Tomatoes: use whatever veggies you love in this recipe, see the list above for ideas!

Spinach/arugula: If you don’t have these on hand, simply omit them. You can always add some of the veggies from the list above.

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Pesto pasta salad with sun dried tomatoes with fork in the bowl.

Pesto Pasta Salad with Sun Dried Tomatoes

$10.98 recipe/$2.75 serving
Pesto pasta salad with sun dried tomatoes is the perfect easy weeknight meal or great for cookouts or family gatherings. Made with a dairy free vegan pesto, this recipe is gluten free and ready in under 20 minutes!
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Course: Salad
Cuisine: Italian
Keyword: pesto pasta salad, pesto pasta salad with sundried tomatoes, vegan pesto pasta salad
Prep Time: 6 minutes
Cook Time: 6 minutes
3 minutes
Total Time: 15 minutes
Servings: 4 people


Cashew Pesto

Pesto Pasta Salad with Sundried Tomatoes


Cashew Pesto

  • Combine the basil, lemon juice, olive oil, salt and garlic powder in a food processor until broken down.
  • Add cashews and process on high about 1 minute.
  • Add the spinach/arugula mixture and process on high until smooth. If needed, add 1-2 tbsp. of water to help the mixture come together. Scrape down the sides as needed.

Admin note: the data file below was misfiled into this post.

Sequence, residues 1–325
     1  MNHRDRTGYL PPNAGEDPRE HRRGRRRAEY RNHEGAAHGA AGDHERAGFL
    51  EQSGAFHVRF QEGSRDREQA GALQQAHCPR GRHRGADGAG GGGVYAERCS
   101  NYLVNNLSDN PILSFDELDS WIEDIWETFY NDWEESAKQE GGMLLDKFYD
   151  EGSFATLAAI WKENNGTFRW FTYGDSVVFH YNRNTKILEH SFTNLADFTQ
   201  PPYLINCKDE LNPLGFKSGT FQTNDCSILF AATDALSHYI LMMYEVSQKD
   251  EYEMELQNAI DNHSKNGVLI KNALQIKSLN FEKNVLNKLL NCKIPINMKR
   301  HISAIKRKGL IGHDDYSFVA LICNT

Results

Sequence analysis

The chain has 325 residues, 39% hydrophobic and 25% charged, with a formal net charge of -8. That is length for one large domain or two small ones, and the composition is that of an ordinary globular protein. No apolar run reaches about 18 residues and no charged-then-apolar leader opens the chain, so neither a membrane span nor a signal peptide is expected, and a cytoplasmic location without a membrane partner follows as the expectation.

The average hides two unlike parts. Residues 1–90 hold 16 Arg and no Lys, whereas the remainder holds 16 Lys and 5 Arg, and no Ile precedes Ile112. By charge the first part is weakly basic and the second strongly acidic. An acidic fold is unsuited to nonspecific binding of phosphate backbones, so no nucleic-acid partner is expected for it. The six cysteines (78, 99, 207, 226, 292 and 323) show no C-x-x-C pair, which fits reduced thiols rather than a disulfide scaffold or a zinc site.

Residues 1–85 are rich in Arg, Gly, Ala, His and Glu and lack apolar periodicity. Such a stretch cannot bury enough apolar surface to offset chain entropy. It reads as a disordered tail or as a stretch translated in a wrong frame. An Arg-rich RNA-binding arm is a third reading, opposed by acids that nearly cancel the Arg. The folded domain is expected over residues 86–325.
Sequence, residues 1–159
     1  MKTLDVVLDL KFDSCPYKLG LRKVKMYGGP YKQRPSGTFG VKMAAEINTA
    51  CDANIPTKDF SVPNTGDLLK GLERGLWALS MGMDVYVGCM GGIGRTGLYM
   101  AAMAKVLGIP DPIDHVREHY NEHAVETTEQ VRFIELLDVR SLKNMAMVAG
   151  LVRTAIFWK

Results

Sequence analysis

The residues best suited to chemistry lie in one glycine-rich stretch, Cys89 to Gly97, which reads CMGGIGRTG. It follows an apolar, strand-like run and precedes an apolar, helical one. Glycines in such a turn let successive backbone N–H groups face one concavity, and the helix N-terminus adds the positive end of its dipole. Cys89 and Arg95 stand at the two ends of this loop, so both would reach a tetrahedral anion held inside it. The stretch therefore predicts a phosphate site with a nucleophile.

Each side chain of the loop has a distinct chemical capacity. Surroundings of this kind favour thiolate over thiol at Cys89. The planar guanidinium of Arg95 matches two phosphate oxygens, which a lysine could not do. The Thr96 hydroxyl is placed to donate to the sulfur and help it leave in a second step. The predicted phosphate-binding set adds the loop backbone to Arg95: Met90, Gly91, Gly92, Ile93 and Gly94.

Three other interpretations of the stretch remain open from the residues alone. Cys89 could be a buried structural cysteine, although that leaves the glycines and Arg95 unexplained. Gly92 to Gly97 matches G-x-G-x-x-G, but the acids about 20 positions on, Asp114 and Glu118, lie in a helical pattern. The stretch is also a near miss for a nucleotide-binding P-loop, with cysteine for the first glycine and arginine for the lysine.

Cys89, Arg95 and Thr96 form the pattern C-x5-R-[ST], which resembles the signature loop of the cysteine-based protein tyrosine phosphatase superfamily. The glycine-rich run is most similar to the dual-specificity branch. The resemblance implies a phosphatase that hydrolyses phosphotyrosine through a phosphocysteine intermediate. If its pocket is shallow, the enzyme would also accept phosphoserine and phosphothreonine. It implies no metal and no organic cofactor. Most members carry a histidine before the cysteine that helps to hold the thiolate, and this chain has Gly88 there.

Pesto Pasta Salad with Sundried Tomatoes

  • Cook and cool the pasta. The pasta takes 6 minutes to cook and about 1-2 minutes to cool under cold water.
  • In a large bowl, add all the ingredients and stir well, I like to use tongs.


The pesto can be made with just baby spinach or just arugula if you cannot find a mix of the both. 
If you cannot use cashews, you can also use:
  • Walnuts
  • Hemp hearts
  • Almonds
  • Sunflower seeds
The pesto can be made 24 hours ahead of time if you are short on time. 
To quickly cool the pasta, run cold water over the pasta in a colander until the pasta is cold. 
Store the pesto pasta salad with sun dried tomatoes in the fridge for up to 4 days. You may need to add a pinch of salt after refrigeration. 

Nutrition Information

Nutrition Facts
Amount per Serving
Where does nutrition info come from? Nutrition facts are provided as a courtesy, sourced from the USDA Food Database.